New York will require state employees to present verification of vaccination or to submit themselves for weekly testing, Governor Andrew Cuomo announced Wednesday.
In a Twitter statement, Cuomo said the directive will take effect by Labor Day and that his administration plans to collaborate with state unions to implement the program. Some unions, such as the American Federation of Teachers, and organized labor leaders have voiced their opposition to or outright rejected compulsory vaccine protocols, concerned that they could alienate their membership, Politico reported. Some have proposed state governments attempt better communication, persuasion, and incentives rather than coercion.
Cuomo added that patient-facing front-line healthcare workers, such as physicians and nurses, at state hospitals must be vaccinated with no exceptions or option for regular testing.
“Our healthcare workers carried us through this pandemic—and we owe it to them to do what we can to keep Delta under control. NYS will require patient-facing healthcare workers at State hospitals to get vaccinated to help keep both patients and workers safe,” he wrote.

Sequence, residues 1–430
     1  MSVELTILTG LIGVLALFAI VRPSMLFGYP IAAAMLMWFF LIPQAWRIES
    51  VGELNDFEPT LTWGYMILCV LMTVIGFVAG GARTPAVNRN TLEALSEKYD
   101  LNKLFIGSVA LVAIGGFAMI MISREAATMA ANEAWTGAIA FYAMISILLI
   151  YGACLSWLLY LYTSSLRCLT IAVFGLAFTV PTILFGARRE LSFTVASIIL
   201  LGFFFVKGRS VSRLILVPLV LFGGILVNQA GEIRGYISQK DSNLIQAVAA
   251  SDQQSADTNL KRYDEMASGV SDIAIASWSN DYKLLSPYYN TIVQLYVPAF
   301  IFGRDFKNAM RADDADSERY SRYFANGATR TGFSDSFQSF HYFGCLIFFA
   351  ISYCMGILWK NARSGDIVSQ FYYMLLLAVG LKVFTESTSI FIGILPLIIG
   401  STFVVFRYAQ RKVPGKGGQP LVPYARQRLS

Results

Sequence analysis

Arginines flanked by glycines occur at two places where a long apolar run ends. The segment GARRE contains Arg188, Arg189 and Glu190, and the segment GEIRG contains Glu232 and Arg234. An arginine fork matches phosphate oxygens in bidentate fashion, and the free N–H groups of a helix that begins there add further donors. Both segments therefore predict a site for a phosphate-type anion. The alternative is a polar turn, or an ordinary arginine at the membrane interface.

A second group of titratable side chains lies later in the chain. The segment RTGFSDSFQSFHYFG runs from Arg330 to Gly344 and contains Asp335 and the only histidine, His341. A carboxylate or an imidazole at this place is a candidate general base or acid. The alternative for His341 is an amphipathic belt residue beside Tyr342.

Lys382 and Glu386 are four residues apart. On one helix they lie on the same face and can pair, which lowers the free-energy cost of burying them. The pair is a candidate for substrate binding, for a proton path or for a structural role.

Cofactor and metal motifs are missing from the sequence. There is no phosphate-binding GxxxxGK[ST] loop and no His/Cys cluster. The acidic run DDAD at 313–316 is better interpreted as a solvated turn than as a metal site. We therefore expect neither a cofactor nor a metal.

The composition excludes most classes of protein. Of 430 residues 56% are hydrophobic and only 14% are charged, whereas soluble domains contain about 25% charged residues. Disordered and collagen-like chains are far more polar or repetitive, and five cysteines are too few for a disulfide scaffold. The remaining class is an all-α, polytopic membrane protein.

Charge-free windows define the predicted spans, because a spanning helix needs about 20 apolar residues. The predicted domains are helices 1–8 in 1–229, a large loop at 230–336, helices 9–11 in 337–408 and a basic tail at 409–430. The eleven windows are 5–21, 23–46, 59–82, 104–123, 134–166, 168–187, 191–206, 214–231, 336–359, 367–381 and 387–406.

As a new wave of COVID driven by the highly infectious delta variant spreads across the country, many progressive state governments are making vaccination a condition of employment. The delta virus accounts for the majority of new confirmed cases, according to the CDC.
Mayor de Blasio declared a vaccine mandate recently for New York City employees. President Biden revealed Tuesday at a press briefing that the administration intends to impose a vaccine mandate for the federal workforce. A source with direct knowledge of the move informed CNN that the announcement will happen on Thursday.
Governor Gavin Newsom said California is instituting a similar requirement applying to 246,000 state employees and two million health care workers in the public and private sectors.
The coming weeks will show whether unions or state workers will challenge the vaccine mandates in court and whether they will be upheld.